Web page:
The Senate Homeland Security and Governmental Affairs Committee has voted in favor of authorizing over three dozen subpoenas and interviews as part of its probe into the origins of the Russia collusion investigation.
Depositions will be requested of names like former FBI Director James Comey, former CIA Director John Brennan and former Director of National Intelligence James Clapper.
The committee, led by Sen. Ron Johnson (R-Wis.), will also subpoena dozens of other Obama administration officials. Approximately 40 people are expected to be questioned.
The GOP-led panel voted 8-6, along party lines, on Wednesday to move forward with the subpoenas.
Originally, a vote was also planned to authorize a subpoena to Bridget Brink, US ambassador to Slovakia, as part of a separate probe being conducted by the committee on Democratic presidential nominee Joe Biden’s dealings in Ukraine during his time as vice president.
Sen. Mitt Romney (R-Utah), who serves on the committee, has repeatedly voiced concerns about the Biden probe, slamming it as politically motivated.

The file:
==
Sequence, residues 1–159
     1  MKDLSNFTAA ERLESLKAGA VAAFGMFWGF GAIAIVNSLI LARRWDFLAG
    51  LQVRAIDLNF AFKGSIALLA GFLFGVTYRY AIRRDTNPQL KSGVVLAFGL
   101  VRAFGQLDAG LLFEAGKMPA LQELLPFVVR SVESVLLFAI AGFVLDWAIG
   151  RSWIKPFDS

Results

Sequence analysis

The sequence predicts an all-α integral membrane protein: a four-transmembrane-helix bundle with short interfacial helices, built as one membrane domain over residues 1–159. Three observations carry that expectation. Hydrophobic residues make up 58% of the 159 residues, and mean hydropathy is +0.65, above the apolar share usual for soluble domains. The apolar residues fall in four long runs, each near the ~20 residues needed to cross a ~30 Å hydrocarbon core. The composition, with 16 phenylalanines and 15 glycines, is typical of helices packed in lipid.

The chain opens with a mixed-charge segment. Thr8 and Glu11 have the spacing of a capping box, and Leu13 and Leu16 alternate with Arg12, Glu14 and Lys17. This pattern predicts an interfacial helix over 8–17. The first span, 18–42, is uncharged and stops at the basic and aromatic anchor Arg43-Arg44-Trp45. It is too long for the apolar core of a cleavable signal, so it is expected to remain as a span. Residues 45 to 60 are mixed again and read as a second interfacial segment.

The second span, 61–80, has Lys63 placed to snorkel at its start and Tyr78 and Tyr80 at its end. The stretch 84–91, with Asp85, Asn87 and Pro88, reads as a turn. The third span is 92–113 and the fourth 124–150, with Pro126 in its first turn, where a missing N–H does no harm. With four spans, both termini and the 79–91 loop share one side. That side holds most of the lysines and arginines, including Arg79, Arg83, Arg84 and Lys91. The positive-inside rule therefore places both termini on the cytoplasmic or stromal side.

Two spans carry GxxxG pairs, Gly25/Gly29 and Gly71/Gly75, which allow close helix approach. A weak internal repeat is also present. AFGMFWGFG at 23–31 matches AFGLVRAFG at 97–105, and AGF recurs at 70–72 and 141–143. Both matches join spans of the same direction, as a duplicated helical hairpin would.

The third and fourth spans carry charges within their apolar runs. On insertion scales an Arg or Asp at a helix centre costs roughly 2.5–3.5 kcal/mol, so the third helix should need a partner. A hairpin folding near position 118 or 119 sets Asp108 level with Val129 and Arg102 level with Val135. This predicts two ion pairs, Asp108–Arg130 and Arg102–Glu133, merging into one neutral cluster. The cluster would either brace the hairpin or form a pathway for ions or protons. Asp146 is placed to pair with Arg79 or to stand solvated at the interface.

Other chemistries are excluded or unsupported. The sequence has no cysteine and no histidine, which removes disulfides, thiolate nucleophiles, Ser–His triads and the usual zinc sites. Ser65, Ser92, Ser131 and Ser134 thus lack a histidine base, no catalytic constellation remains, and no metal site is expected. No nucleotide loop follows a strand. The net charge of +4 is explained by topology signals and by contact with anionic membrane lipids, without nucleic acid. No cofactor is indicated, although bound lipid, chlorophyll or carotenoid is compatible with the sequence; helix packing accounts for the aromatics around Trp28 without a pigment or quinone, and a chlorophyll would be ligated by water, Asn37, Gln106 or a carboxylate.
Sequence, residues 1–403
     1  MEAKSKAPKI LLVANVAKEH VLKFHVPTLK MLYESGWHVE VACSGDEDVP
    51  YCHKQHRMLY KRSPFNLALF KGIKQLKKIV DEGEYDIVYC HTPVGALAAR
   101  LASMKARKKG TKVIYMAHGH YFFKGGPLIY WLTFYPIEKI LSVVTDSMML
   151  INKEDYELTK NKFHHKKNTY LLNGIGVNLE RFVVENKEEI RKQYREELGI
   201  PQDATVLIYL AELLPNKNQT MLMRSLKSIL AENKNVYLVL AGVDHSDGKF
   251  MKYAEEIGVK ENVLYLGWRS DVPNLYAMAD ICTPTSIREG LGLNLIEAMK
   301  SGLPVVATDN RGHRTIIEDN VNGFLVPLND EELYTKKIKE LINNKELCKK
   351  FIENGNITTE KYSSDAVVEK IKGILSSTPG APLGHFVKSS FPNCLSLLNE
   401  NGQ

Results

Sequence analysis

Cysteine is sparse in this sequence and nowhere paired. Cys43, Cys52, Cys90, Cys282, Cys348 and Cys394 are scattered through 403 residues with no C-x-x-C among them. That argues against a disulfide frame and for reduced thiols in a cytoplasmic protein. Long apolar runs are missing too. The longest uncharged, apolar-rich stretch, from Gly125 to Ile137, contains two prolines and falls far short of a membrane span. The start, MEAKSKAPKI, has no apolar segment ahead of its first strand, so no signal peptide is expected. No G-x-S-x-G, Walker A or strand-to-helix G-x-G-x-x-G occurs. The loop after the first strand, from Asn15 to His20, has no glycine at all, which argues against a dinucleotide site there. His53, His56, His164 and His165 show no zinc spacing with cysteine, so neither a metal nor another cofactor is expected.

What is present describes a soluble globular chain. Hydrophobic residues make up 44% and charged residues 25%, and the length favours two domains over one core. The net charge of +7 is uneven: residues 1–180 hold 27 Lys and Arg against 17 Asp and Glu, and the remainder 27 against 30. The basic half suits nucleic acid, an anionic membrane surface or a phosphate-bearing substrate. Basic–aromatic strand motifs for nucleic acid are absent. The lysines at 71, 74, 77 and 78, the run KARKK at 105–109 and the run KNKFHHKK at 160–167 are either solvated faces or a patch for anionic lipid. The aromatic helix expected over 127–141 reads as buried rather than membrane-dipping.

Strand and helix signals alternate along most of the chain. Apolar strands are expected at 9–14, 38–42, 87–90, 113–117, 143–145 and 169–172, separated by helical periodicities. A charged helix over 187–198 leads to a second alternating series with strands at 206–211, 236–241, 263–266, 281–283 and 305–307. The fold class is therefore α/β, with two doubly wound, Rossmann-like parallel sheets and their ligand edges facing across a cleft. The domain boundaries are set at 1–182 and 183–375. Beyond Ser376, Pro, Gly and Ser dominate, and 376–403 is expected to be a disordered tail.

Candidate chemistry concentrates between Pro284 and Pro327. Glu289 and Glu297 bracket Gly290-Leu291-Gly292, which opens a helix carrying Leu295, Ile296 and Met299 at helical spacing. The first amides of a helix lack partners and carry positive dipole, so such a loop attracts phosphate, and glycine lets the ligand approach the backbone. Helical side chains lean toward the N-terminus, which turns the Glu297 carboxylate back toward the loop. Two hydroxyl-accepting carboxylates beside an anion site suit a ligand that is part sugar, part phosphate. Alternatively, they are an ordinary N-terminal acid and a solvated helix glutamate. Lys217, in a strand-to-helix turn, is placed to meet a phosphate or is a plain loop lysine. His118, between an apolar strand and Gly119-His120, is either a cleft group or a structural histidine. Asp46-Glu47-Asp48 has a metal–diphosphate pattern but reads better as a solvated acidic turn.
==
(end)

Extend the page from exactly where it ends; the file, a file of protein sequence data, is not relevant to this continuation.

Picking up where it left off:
On Wednesday, he did so again, making it clear during the hearing that he would have opposed Johnson’s effort to subpoena Brink.
“It’s not the legitimate role of government, for Congress or for taxpayer expense, to be used in an effort to damage political opponents,” he argued.
“I do believe it’s very important that the committees of Congress, and ours in particular, not fall into an increasing pattern that we’re seeing, which is using taxpayer dollars and the power of Congress to do political work. That’s the role of campaigns,” he added.
Though Johnson did not say why he pulled the measure, Romney voting against the subpoenas would have cost him the vote. The Utah Republican has not expressed the same type of objection to the committee’s probe of the Russia investigation.
In August, the committee subpoenaed FBI Director Christopher Wray to turn over all records relating to the “Crossfire Hurricane” investigation, as well as all documents given to Justice Department Inspector General Michael Horowitz.
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